Children get dozens if not hundreds of daily laughs from “plain old ordinary” life; most adults manage fewer than two dozen laughs a day. Maybe losing one’s sense of humor is a sign of growing old in the worst way. At any rate, people who laugh regularly have fewer aches and pains, depression issues, and other classic “old grouch” problems.
If you’re in the habit of trying to stifle your own children’s laughter (“Don’t be so silly/noisy/distracting/inattentive”), maybe it’s time to consider what “being serious” could do to their future health—and yours. Maybe it’s time to take a break from your own concerns, join the kids in a good laugh, and see your “worries” in better perspective when you look at them again. Regular “laugh breaks” might even make you a more effective problem solver.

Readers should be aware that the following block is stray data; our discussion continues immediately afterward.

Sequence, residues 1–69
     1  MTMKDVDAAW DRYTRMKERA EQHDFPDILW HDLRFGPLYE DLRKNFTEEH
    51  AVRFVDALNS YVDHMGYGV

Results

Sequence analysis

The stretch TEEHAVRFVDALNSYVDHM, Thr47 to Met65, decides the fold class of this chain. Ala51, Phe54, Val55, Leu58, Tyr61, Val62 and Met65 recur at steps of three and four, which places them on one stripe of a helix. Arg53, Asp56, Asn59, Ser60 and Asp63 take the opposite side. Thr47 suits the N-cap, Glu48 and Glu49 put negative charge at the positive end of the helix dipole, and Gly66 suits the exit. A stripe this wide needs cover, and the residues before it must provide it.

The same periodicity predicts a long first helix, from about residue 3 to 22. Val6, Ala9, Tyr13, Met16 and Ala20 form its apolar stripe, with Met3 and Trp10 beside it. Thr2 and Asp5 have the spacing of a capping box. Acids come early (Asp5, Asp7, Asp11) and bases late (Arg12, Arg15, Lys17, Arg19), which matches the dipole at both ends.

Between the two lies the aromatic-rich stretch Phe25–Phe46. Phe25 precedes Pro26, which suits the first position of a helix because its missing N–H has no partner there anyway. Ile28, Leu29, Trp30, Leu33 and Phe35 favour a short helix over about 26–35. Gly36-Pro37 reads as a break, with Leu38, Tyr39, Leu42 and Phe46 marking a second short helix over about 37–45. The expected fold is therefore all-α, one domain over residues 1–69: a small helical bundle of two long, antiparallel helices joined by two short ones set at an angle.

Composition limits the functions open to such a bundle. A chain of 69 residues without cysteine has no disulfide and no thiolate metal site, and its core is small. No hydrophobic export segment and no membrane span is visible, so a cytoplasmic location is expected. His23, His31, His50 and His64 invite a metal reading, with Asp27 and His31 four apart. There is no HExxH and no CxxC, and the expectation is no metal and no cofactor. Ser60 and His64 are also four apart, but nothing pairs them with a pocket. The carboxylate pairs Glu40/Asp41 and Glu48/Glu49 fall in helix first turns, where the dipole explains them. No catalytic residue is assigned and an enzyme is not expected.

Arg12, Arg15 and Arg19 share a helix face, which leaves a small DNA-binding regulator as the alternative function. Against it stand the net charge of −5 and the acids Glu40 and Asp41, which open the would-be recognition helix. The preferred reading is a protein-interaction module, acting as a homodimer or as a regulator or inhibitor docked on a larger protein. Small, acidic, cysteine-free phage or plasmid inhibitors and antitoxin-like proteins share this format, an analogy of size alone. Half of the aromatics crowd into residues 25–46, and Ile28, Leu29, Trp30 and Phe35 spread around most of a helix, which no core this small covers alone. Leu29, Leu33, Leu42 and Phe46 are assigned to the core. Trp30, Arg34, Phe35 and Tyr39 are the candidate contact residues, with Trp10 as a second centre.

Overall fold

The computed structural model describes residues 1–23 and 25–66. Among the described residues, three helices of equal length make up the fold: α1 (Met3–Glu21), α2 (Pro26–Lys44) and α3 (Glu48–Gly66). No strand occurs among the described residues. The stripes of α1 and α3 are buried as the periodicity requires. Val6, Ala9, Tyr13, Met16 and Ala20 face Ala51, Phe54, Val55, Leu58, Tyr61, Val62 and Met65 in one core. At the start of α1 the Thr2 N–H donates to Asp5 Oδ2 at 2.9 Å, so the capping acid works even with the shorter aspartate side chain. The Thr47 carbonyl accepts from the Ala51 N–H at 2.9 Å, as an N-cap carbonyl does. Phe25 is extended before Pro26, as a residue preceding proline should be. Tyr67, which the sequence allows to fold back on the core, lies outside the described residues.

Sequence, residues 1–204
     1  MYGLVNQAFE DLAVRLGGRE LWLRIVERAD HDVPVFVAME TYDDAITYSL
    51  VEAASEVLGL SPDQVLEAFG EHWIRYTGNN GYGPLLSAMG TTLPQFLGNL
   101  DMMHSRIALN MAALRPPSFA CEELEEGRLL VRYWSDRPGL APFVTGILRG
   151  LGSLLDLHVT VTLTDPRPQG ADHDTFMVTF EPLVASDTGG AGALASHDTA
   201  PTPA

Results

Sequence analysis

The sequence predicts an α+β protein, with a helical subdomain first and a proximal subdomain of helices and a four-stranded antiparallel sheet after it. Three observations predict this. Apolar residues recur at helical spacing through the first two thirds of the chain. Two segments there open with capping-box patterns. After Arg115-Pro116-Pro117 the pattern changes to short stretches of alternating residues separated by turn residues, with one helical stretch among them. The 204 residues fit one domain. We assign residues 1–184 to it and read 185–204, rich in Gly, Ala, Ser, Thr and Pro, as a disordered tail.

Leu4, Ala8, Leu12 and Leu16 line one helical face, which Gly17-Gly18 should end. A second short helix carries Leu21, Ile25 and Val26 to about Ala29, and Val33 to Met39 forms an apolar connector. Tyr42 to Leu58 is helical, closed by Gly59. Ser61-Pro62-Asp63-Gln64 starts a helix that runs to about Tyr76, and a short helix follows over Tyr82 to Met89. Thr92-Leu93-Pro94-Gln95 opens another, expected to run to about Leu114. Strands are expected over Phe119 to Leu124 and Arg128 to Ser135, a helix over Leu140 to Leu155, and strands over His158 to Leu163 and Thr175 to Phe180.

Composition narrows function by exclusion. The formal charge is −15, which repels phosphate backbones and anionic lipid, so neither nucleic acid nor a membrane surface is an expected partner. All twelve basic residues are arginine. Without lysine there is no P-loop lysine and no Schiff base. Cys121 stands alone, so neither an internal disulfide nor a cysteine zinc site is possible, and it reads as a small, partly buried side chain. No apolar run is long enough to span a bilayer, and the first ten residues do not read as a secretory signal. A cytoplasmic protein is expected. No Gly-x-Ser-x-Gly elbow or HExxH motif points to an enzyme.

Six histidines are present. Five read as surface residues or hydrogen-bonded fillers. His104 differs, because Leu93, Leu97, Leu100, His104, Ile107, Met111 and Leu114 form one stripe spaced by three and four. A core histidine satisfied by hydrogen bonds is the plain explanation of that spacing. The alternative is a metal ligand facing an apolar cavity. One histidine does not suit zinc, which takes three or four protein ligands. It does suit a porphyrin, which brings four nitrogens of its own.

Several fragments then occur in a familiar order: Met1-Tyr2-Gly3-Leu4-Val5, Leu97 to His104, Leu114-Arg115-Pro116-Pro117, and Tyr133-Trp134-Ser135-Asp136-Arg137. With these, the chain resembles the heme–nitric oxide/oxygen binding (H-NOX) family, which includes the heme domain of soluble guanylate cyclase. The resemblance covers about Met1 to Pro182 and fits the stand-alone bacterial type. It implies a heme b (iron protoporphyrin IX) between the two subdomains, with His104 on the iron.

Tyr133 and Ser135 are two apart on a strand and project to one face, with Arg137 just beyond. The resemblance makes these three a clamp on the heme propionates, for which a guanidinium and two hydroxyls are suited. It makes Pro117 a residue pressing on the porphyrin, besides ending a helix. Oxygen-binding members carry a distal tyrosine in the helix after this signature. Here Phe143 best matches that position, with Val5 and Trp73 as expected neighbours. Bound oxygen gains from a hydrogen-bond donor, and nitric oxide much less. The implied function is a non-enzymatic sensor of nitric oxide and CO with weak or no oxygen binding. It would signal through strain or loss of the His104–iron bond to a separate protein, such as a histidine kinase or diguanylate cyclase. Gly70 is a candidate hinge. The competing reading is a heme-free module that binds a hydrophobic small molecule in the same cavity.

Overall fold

A Few Tips
A Few Jokes
Q: Why do sharks live in salt water?
A: Pepper would make them sneeze.
Q: Why can’t cows dance?
A: Because they have two left feet!
Q: Why did the cow jump over the moon?
A: The milking machine short-circuited.
TV commercial announcer: When you make this doll lie down, it closes its eyes and goes right to sleep, just like a real baby.
Little girl who is also big sister: They don’t know much about babies, do they?
Grumpy grandfather: If you keep being so silly, Santa will put nothing but coal in your stocking.
Little boy: Then can we have a cookout for Christmas dinner?
Little boy at bedtime: What’s making that tooting noise outside?
Dad: That’s just an owl. They’re nocturnal.
Little boy: I know it’s not a turtle!
Mother pointing to photograph of herself at age seven: Do you know who this is, honey?
Three-year-old daughter: That’s me when I get bigger!
Blessings to parents and children of all ages!